Nguyen T, Han C, Hall M, The Health Advocate, Supporting oral health in Timor Leste and the Western Pacific Region, Issue 72/August 2023, page 15
Dental Health Services Victoria has spent over six years building international partnerships to improve oral health in the region, from Timor Leste to the Western Pacific. These partnerships aim to build local oral health capacity while also providing an opportunity for Dental Health Services Victoria staff to learn from other nations. In 2023, Dental Health Services Victoria initiated the Colin Riley Scholarship for Victorian public oral health professionals to participate in clinical placements and support training in the Western Pacific region. Additionally, three dental vans were donated to further support oral health services in these areas.
Nguyen TM, Arora A, Sethi S, Gavanescu DJ, Heredia R, Scully B, Lin C, Hall M. Is Australia's lack of national clinical leadership hampering efforts with the oral health policy agenda? Aust Health Rev. 2023
This paper outlines the case for national clinical leadership, including the appointment of Australia’s first Chief Dental Officer, to drive national oral health reform and address oral health inequities. The World Health Organisation Global Strategy on Oral Health 2030 recognised the need to include oral health in universal health coverage and the role of national clinical leadership in driving this forward. This article discusses the oral health issues in Australia, its healthcare system, and past challenges of Australian funded dental programs. It emphasises the importance of expertise in dental public health to guide national policies that focus on prevention and early intervention.
Nguyen TM, Tonmukayakul U, Lin C, Scully B, Heredia R, Bischof W, Hall M, Calache H. Lessons learned from a Victorian public dental model of care focusing on periodontitis: A case study. Australian & New Zealand Journal of Dental & Oral Health Therapy. 2022;10(2).
This paper describes a preventive care model for severe gum disease, centred around the role of oral health educators, at a community health service. Evaluation showed the model increased dental service rates, particularly for preventive services and self-reported outcomes due to severe gum disease.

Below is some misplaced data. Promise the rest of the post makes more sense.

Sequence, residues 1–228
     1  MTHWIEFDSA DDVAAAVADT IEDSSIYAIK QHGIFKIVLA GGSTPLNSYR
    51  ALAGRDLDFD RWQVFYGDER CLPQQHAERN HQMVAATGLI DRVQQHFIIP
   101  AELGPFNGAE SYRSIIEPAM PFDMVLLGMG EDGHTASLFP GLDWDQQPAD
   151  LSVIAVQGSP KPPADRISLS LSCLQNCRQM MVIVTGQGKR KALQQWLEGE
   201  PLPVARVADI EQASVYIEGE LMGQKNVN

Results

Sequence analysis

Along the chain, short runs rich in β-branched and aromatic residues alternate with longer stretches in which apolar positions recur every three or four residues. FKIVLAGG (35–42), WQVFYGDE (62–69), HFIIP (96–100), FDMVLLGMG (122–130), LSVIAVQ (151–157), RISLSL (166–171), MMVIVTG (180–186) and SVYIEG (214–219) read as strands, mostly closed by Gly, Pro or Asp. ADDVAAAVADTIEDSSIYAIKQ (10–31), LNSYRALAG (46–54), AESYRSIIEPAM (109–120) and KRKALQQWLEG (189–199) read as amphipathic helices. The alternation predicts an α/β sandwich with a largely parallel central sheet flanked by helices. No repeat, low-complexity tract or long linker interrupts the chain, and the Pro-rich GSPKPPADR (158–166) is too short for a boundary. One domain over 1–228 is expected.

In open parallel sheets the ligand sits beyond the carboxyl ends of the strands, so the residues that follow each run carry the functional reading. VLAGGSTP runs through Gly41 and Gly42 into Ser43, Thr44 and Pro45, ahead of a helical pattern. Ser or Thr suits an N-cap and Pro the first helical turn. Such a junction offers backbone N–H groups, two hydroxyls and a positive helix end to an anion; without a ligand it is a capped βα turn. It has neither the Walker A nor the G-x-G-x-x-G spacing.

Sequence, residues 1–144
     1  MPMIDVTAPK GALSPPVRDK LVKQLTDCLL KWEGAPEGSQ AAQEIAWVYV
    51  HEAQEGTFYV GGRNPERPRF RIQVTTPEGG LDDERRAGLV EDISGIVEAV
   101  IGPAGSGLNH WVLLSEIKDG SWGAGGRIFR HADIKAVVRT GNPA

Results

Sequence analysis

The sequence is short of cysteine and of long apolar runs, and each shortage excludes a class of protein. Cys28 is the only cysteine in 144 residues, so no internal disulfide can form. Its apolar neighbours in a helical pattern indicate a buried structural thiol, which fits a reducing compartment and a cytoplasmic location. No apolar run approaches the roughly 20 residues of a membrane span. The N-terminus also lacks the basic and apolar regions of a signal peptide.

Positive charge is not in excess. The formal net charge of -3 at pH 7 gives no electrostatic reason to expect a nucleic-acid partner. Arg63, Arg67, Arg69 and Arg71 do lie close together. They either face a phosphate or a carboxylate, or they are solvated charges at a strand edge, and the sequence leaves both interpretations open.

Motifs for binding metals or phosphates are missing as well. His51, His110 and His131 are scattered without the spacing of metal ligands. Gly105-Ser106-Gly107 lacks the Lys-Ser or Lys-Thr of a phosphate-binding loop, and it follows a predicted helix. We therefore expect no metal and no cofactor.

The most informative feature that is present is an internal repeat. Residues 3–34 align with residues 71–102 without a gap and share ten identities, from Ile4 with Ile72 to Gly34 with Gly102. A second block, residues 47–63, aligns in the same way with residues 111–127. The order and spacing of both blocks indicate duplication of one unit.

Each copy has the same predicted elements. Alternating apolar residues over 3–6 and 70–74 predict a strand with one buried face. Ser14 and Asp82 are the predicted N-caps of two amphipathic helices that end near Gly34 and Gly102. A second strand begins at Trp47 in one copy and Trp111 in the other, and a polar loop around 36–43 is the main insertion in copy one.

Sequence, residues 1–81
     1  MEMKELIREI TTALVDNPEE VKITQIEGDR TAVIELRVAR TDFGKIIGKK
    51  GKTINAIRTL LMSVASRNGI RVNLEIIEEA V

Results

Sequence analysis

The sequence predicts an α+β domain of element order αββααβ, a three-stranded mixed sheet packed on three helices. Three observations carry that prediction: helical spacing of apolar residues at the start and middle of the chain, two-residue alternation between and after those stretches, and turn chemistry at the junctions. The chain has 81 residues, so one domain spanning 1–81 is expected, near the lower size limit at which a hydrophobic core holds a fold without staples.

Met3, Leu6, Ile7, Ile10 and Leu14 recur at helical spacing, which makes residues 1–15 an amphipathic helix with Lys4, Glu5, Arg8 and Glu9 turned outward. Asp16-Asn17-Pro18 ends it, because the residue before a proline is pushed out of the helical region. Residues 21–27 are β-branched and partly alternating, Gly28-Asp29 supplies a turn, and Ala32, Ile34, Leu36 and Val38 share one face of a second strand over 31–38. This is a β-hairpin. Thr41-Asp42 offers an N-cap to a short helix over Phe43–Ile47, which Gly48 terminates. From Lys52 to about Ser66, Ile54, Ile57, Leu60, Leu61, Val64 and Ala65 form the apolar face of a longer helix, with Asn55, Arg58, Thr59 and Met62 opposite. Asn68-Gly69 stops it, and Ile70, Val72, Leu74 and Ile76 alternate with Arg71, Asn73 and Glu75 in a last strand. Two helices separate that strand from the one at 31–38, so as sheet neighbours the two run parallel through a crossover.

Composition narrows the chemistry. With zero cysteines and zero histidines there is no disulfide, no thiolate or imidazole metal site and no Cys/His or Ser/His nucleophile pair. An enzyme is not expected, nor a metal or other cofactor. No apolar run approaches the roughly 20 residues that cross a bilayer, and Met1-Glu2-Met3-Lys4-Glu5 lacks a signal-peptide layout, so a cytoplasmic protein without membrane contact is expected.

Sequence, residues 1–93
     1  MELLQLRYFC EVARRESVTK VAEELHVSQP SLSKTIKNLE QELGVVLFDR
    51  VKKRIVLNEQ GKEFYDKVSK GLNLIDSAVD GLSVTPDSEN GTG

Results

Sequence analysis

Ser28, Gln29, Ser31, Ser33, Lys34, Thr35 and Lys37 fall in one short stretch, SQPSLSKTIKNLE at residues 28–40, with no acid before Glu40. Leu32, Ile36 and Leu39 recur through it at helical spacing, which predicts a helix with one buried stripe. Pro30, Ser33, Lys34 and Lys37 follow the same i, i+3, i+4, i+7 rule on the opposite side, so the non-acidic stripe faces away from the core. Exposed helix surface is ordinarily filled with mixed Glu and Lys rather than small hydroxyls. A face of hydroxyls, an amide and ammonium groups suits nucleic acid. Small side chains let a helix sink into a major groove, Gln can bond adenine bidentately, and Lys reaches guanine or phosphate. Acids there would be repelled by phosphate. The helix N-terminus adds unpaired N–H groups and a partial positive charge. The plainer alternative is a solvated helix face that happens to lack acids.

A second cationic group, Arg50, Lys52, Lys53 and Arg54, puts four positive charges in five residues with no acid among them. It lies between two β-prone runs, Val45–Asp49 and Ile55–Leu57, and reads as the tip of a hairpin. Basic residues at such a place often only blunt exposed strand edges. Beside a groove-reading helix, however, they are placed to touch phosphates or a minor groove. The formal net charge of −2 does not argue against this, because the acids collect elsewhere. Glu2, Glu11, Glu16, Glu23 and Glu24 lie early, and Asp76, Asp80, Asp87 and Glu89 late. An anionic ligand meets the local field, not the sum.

Nguyen TM, Tonmukayakul U, Hall M, Calache H. Cost‐effectiveness analysis of silver diamine fluoride to divert dental general anaesthesia compared to standard care. Australian Dental Journal. 2022;67(4):352-61.
Silver diamine fluoride is medicine used to stop tooth decay from getting worse and can help prevent the need for dental treatment under general anaesthetics, particularly among children. This study is a health economic evaluation of a trial using silver diamine fluoride for children aged 2-10 in Victoria. Over 12 months, silver diamine fluoride was found to be cost-effective, save costs to the healthcare system and significantly reduce the number of children requiring dental treatment under general anaesthesia. Silver diamine fluoride is a good option for managing dental caries in children and should be promoted more broadly into routine clinical dental practice.
Lin C, Goncalves N, Scully B, Heredia R, Hegde S. A Teledentistry Pilot Study on Patient-Initiated Care. International Journal of Environmental Research and Public Health. 2022;19(15):9403.
This paper outlines Dental Health Services Victoria's patient-initiated teledentistry model of care and its strengths in reaching vulnerable populations. From May 2020 to April 2021, 2,492 patients accessed telehealth services, with positive patient-reported experience measures demonstrating that teledentistry was able to provide safe and critical access to dental services during the COVID-19 pandemic.